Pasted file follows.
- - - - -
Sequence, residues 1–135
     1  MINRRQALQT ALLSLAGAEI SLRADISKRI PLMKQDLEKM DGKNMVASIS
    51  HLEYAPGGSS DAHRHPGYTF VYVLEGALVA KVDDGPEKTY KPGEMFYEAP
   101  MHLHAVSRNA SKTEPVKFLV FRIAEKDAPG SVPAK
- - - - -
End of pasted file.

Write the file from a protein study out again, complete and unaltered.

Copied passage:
Sequence, residues 1–135
     1  MINRRQALQT ALLSLAGAEI SLRADISKRI PLMKQDLEKM DGKNMVASIS
    51  HLEYAPGGSS DAHRHPGYTF VYVLEGALVA KVDDGPEKTY KPGEMFYEAP
   101  MHLHAVSRNA SKTEPVKFLV FRIAEKDAPG SVPAK